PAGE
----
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The Rise of Fashion

A Reader

2004

Daniel Leonhard Purdy, editor
Introduction by Daniel Leonhard Purdy

The Rise of Fashion

A remarkable anthology of key writings that parallels the history of fashion with modern life

Daniel Leonhard Purdy brings together writings from the Enlightenment to the twentieth century that explore fashion as an expression of modernity. From critiques of aristocratic excess to accounts of fashion’s influence on our ideals of masculinity or femininity, this reader includes works by philosophers (Carlyle, Rousseau), social theorists (Herbert Spencer, Veblen), writers (Goethe, Baudelaire, Wilde), and critics (Karl Kraus, Simone de Beauvoir).

Daniel Purdy provides insight into fashion through the writings of prominent philosophers, social theorists, and scholars in arts and letters. Given the prominence of the authors of these essays, and their obvious concern for fashion, it is most surprising that the study of fashion continues to be regarded with suspicion and thus remains largely on the sidelines of serious academic studies. This book is yet another recent step in alleviating that point of view.

Patricia A. Cunningham, Journal of Popular Culture

Writing more than a century before Vogue, no less a figure than G. W. F. Hegel reviewed the fashion of his day and found it wanting because, in becoming outmoded so quickly, it drew attention away from the timeless beauty of the human form. And Hegel is not unique among philosophers in his interest in fashion’s role; for more than 250 years, social thinkers have considered fashion—its transitive nature, the conformity it inspires, the vast range of its influence—as a defining feature of modern life.

In The Rise of Fashion, Daniel Leonhard Purdy brings together key writings from the Enlightenment to the twentieth century that explore fashion as the ultimate expression of modernity. Making available many previously untranslated or otherwise unfamiliar works from French, German, and English, Purdy establishes an extraordinary lineage of fashion commentary dating back to Mandeville and Voltaire, which laid the groundwork for the writings on commodity culture of Adorno, Benjamin, and the Frankfurt School. From critiques of aristocratic excess to accounts of fashion’s influence on our ideals of masculinity or femininity, from the figure of the dandy and the eroticism of clothing to the class politics of fashion, this landmark reader includes works by philosophers (Carlyle, Rousseau, Georg Simmel) and social theorists (Herbert Spencer, Veblen), as well as writers (Goethe, Baudelaire, Mallarmé, Wilde) and critics (Karl Kraus, Adolf Loos, Simone de Beauvoir).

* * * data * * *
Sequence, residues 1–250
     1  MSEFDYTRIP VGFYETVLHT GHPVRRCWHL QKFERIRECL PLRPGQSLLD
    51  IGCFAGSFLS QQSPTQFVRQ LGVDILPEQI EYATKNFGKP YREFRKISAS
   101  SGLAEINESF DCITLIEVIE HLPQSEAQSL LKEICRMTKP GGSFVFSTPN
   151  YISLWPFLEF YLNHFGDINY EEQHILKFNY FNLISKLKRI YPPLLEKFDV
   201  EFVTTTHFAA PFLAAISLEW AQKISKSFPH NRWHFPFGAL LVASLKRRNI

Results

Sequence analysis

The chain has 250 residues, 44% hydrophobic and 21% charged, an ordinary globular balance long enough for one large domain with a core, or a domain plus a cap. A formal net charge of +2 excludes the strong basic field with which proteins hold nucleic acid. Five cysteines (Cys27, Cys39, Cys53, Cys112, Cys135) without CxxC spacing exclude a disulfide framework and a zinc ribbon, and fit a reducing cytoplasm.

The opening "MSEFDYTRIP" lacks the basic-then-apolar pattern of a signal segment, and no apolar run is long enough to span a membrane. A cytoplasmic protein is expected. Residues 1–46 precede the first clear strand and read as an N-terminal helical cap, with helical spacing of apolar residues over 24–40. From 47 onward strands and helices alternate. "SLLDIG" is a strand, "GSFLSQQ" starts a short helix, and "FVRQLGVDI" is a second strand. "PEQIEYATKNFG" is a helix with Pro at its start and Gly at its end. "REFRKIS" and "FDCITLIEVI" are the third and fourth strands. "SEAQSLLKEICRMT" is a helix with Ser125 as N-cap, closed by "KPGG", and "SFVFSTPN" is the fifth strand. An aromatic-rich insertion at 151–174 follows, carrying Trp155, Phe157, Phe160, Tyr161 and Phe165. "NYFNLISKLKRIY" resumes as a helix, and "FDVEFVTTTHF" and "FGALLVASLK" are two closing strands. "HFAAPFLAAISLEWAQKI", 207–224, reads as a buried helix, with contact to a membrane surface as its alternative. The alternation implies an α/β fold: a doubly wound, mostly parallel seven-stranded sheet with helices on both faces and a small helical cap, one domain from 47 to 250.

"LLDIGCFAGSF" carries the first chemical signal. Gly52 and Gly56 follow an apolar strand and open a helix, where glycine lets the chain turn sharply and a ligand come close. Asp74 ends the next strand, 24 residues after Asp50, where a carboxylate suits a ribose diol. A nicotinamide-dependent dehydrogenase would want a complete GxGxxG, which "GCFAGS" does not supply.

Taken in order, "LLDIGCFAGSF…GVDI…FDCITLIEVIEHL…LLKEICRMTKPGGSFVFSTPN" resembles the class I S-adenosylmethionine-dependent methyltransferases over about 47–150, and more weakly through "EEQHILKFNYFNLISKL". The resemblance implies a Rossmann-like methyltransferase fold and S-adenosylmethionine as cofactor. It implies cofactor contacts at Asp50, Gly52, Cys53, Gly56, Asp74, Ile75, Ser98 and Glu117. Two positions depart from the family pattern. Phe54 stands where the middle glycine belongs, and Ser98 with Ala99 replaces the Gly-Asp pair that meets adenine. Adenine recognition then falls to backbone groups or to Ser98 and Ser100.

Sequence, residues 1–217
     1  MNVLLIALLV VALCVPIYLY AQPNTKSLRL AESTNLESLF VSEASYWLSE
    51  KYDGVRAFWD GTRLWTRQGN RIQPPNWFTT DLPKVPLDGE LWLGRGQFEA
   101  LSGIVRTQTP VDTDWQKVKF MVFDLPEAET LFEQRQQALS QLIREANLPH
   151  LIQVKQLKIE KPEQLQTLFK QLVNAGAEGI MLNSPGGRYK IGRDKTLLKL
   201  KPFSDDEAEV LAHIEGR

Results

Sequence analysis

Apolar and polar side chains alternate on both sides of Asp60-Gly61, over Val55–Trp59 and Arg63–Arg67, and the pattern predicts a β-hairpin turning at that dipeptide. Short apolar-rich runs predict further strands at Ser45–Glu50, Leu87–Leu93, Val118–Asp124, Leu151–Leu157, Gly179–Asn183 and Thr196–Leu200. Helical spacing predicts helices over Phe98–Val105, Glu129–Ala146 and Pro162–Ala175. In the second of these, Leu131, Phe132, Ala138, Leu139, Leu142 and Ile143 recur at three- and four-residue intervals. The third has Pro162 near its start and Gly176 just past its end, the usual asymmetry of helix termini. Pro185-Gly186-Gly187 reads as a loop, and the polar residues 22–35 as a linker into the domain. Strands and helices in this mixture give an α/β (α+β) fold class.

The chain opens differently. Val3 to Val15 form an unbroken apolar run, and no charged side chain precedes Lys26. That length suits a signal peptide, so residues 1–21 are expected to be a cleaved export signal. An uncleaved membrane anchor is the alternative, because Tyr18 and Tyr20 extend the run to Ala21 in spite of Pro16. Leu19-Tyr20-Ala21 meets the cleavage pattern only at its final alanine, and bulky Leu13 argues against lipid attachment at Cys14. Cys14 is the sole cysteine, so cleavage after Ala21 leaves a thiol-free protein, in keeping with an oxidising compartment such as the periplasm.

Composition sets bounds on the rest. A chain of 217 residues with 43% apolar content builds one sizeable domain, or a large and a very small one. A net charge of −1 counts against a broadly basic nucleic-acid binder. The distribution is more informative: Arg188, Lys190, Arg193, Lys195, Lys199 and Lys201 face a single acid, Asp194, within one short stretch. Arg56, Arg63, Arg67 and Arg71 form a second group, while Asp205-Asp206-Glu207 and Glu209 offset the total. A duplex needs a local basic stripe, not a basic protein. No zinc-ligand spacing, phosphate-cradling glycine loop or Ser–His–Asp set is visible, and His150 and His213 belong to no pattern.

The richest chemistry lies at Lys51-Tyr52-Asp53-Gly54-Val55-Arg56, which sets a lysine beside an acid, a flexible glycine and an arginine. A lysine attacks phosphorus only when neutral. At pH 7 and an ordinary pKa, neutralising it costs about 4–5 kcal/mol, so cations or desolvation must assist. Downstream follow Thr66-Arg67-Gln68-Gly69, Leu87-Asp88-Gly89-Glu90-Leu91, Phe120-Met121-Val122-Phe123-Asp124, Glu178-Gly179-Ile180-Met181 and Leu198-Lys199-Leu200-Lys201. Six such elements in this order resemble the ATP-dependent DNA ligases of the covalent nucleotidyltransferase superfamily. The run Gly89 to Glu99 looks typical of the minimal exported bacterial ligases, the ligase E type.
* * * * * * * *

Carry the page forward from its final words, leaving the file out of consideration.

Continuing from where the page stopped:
Collecting and contextualizing many of the earliest and most significant formulations of fashion theory, The Rise of Fashion provocatively examines the proposition that to be modern is to be fashionable.

The Rise of Fashion

Daniel Leonhard Purdy is associate professor of German at Pennsylvania State University and the author of The Tyranny of Elegance: Consumer Cosmopolitanism in the Era of Goethe.

The Rise of Fashion

Daniel Purdy provides insight into fashion through the writings of prominent philosophers, social theorists, and scholars in arts and letters. Given the prominence of the authors of these essays, and their obvious concern for fashion, it is most surprising that the study of fashion continues to be regarded with suspicion and thus remains largely on the sidelines of serious academic studies. This book is yet another recent step in alleviating that point of view.

Patricia A. Cunningham, Journal of Popular Culture

An important compilation for any college-level fashion department, The Rise of Fashion will also hold immense interest for professional fashion designers and non-specialist general readers with an interest in fashion history.

Wisconsin Bookwatch

For Purdy, fashion, in a sense, is the essential postmodern gesture: the self-conscious adopting of styles without the specific ideological referents. Overall, the essays selected give an excellent overview of the range of fashion paradigms.

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